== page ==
The prophetic vision of the Son of Man in the fourth gospel in the light of the religious tensions between Judaism and the Johannine community in the late first century C.E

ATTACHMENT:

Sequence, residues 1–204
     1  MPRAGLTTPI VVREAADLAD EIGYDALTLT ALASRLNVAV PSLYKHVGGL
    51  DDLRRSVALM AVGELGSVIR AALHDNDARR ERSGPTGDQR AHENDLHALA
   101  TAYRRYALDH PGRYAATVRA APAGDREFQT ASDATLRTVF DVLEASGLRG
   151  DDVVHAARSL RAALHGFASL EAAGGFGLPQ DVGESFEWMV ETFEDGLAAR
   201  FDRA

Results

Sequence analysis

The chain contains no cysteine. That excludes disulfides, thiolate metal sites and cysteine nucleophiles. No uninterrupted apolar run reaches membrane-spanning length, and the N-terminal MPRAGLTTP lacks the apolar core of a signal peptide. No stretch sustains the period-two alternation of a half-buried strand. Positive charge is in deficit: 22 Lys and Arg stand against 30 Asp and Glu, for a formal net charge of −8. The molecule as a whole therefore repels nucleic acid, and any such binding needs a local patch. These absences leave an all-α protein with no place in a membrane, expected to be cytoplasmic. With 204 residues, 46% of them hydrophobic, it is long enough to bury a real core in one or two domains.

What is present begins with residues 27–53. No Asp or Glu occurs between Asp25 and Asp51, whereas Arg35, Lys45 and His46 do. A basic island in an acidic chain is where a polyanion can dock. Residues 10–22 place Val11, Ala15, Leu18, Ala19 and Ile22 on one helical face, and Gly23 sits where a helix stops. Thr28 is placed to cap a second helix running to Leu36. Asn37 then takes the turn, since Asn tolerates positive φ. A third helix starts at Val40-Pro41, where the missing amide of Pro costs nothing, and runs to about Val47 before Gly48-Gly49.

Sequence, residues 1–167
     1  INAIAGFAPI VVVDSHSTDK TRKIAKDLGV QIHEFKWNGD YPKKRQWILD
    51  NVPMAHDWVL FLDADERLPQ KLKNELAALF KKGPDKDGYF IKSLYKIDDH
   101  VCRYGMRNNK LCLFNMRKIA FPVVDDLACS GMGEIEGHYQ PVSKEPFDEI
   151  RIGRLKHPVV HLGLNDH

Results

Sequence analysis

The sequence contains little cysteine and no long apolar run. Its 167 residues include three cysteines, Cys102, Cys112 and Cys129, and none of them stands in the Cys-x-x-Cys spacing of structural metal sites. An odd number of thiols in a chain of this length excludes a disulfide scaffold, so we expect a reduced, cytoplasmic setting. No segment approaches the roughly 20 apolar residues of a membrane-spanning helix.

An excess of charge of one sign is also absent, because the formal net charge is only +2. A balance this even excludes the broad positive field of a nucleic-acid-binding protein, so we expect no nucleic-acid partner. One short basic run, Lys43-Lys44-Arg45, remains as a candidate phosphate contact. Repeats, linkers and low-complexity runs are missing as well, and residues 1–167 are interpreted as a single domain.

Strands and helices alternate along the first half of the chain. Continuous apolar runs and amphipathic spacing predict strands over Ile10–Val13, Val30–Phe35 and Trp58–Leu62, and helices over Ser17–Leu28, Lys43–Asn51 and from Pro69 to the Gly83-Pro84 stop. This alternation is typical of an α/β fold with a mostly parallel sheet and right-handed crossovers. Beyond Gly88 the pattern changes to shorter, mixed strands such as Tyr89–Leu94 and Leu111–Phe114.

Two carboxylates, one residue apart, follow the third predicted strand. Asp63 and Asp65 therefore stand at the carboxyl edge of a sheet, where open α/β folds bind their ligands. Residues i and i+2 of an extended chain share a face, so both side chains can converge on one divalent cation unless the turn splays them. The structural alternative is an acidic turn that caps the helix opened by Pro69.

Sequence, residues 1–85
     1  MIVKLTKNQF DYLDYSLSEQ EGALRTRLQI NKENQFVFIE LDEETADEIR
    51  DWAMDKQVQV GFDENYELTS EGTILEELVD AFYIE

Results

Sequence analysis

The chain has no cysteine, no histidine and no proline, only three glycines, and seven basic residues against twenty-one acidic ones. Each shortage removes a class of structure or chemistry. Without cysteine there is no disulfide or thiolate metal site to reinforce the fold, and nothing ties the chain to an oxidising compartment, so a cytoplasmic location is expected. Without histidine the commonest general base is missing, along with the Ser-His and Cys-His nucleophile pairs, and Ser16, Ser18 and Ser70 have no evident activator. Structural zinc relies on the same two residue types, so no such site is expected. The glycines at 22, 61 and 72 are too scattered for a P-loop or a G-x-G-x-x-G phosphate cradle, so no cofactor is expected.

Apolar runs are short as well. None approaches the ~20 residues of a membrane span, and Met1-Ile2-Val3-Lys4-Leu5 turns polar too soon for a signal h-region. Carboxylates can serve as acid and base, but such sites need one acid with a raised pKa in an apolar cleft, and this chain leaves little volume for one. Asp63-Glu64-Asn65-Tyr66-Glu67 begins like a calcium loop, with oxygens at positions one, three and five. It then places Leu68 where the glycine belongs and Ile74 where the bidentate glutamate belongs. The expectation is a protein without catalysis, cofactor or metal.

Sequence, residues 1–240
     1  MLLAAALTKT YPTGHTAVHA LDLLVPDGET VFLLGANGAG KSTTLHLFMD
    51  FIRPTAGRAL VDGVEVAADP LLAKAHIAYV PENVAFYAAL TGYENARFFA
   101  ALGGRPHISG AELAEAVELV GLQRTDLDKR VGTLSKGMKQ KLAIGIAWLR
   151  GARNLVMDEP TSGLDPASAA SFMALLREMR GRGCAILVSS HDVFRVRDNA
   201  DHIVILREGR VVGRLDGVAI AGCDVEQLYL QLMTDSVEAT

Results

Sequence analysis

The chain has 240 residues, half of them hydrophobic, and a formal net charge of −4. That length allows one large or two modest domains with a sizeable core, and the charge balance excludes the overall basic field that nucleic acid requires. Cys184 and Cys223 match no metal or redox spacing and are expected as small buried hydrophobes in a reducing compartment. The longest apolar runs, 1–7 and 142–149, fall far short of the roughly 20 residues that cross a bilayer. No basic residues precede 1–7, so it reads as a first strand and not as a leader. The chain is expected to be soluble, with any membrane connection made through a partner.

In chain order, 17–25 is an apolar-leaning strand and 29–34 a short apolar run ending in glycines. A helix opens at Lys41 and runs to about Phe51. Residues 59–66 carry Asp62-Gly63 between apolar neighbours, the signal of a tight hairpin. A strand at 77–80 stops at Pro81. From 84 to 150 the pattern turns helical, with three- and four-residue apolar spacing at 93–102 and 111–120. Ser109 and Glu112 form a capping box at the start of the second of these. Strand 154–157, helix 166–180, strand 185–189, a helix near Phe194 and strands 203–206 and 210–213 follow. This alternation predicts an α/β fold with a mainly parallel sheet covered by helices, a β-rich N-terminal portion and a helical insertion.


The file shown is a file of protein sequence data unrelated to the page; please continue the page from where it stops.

This thesis is a typological study of the Fourth Gospel in the light of its Son of man sayings, paying particular attention to their context within the Gospel; within the four canonical Gospels; and within the Judeo-Christian tradition. It shows the importance for the Fourth Gospel of an aspect within apocalyptic Judaism concerning the vision of the open heaven. The Johannine Son of man theme reflects disputes within Judaism surrounding the vision of God. The Fourth Evangelist reinterprets the Synoptic Son of man tradition, using Old Testament texts central to these disputes with reference, to Jesus the vision of God. Our Evangelist engages on the one hand in an internal dispute with other Christians, and an the other hand in an external dispute with Jews. He retells the gospel story with reference to his own situation. Through his Gospel we see the relation between the Johannine church and the synagogue. My first three chapters show how the Evangelist links his Son of man theme to Old Testament vision texts to interpret Jesus as the prophetic vision of the heavenly Son of man (Jn. 1: 51; 3: 13,14; 5: 27). The remaining chapters show how this interpretation affects the community's worship and its relation with the synagogue. The Fourth Gospel is -. different from the Synoptic Gospels. The Son of man theme is common to all four Gospels, and to apocalyptic Judaism. Therefore the conclusions drawn from a reading of the Fourth Gospel can be tested by a comparison with the Synaptic tradition and with the Jewish apocalyptic tradition.